From the mid-1960s to the early 1970’s, I spent my formative years growing up in a small Long Island suburb called West Hempstead, NY. Back then there was only one Orthodox synagogue in town – the Young Israel of West Hempstead – and there were 50 or so Orthodox families in the community when our family moved there.
It has been about 50 years since my family moved out of the community and relocated to Teaneck, NJ. However, I still have warm and wonderful memories of the years I spent growing up there. Some of my parents’ closest friends continued to be the people they met in West Hempstead, even after they moved away. And I also keep in touch with a couple of individuals from those days.
I have been back to West Hempstead a handful of times since then, but I never really got a chance to carefully observe all the many changes that the community has experienced in the last five decades. So when our dear friends, Joe and Linda Koegel, recently invited us to join them at their home in West Hempstead for a Shabbat, we jumped at the opportunity. Not only would it be a chance for us to reconnect with our close friends, but I thought it would also be a chance to revisit the days of my youth.
The first big change I noticed is the enormous growth of the Orthodox community. There are now more than 1,500 observant families living in West Hempstead, a far cry from the handful of frum folks who were in town when I was a kid. There are no less than eight Orthodox shuls serving the community (including a very active and interesting Chabad synagogue), a kosher pizza shop, two kosher bagel stores, a kosher Chinese restaurant, a kosher grocery store/butcher shop, and a Judaica store.
Driving down the main drag, Hempstead Avenue, there are some obvious signs of the demographic shifts towards Orthodoxy. Pompei, an Italian restaurant that had been a fixture in the community for decades, is no longer there — it has been replaced by a synagogue, Bais Torah u’Tefilah. Reisterer’s, a German bakery which was always rumored to have been run by former Nazis, is now certified kosher. And the Reform synagogue, which had been a thriving congregation while I lived in the community, was purchased by HANC, the local Orthodox day school – and the school will soon be building a brand-new building on the property.
That’s not to say that there weren’t a few landmarks that were immediately recognizable. The local Carvel ice cream store is still in the same location, with a retro sign in front of the store that looks like it’s right out of the 1960s (it was our destination after every Sunday softball game). West Hempstead High School is still in its same location on Nassau Boulevard, and hasn’t changed much in 50 years. The Hempstead Gardens Long Island Railroad train stop is still where it was when I was a youngster – a convenient way in 1969 to go to the city from West Hempstead and watch the New York Knicks play at Madison Square Garden, right above Penn Station. And Hall’s Pond (where I broke my arm playing hockey) still glistened, just like I remembered it looking 50 years ago.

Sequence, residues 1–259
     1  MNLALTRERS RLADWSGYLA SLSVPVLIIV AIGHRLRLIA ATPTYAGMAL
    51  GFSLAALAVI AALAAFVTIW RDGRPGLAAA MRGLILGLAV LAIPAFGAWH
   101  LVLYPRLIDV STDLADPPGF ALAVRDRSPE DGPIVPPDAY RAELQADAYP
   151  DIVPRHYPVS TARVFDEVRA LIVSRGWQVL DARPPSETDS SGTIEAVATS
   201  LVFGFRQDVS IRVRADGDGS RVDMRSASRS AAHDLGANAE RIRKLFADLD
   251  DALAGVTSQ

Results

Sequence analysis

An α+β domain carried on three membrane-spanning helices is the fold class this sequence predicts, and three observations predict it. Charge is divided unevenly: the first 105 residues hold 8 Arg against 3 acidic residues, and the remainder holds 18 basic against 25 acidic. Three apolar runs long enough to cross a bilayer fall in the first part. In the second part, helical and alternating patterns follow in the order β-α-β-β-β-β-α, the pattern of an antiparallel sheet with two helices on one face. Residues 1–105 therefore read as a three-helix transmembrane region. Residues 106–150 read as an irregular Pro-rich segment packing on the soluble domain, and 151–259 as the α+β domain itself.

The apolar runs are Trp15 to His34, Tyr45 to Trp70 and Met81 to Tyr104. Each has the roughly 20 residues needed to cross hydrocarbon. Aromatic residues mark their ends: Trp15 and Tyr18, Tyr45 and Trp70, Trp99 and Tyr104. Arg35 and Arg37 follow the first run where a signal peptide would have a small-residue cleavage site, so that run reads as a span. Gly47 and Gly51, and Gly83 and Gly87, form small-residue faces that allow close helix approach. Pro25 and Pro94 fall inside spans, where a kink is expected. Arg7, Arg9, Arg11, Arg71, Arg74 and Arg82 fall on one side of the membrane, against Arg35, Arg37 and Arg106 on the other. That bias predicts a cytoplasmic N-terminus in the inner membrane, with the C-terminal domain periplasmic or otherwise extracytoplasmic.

However, many of the landmarks that I remembered are unfortunately now gone. Green’s Candy Store on Hempstead Avenue, where I purchased oodles of baseball wax packs and other assorted candies with my allowance money, is no longer there. The Royal Lanes bowling alley, where for less than five bucks one could bowl a few games and pay for shoes, has disappeared. Hills Supermarket, where my mom did her shopping, is long gone. So is Dairy Barn, where we purchased our milk in glass bottles, returning the empties in exchange for newly filled ones. Hahn’s Drugstore, a family-owned business where my family purchased all our drugs and medications, has vanished, a victim of the large pharmacy companies like CVS and Rite-Aid monopolizing the drugstore business. And Abraham and Strauss and S. Klein department stores – major landmarks in the area five decades ago – have been replaced by Home Depot and Auto Zone.
The neighborhoods around the shuls themselves are for the most part still recognizable. The houses around Colony Street, Plymouth Street, and School Street are still mostly old-style Tudor homes, and the homes around the Dogwood section of town are still mainly ranch houses. But like many communities such as Teaneck and the Five Towns, many of the Orthodox families have built massive extensions to the original properties. Even with the rise in interest rates, there were an enormous number of dumpsters in front of homes that were being remodeled.
Visiting West Hempstead once again allowed me to reminisce a bit about some of the wonderful memories of my youth: playing ball on Redmont Road, the epicenter of our existence, where we actually painted an official size home plate in the middle of the street … Echo Park, before the pool was built, when there were two softball fields for our Sunday games …the Young Israel youth minyan, where we all learned how to be a ba’al tefilla and lein from the Torah … walking home from Friday night onegs, where we might occasionally had to deal with antisemitic comments from cars passing us by … Shabbat afternoon tennis ball football in the HANC front parking lot, before the school built its extension … and proudly taking off our baseball caps and revealing our kipot in public after the Six Day War, when it became much more cool to identify as a Jew.
Thomas Wolfe said that you can’t go home again, and for the most part he is correct. But last weekend, at least for 24 hours, I was able to relive a portion of my youth, in the town where I grew up. And what a trip it was!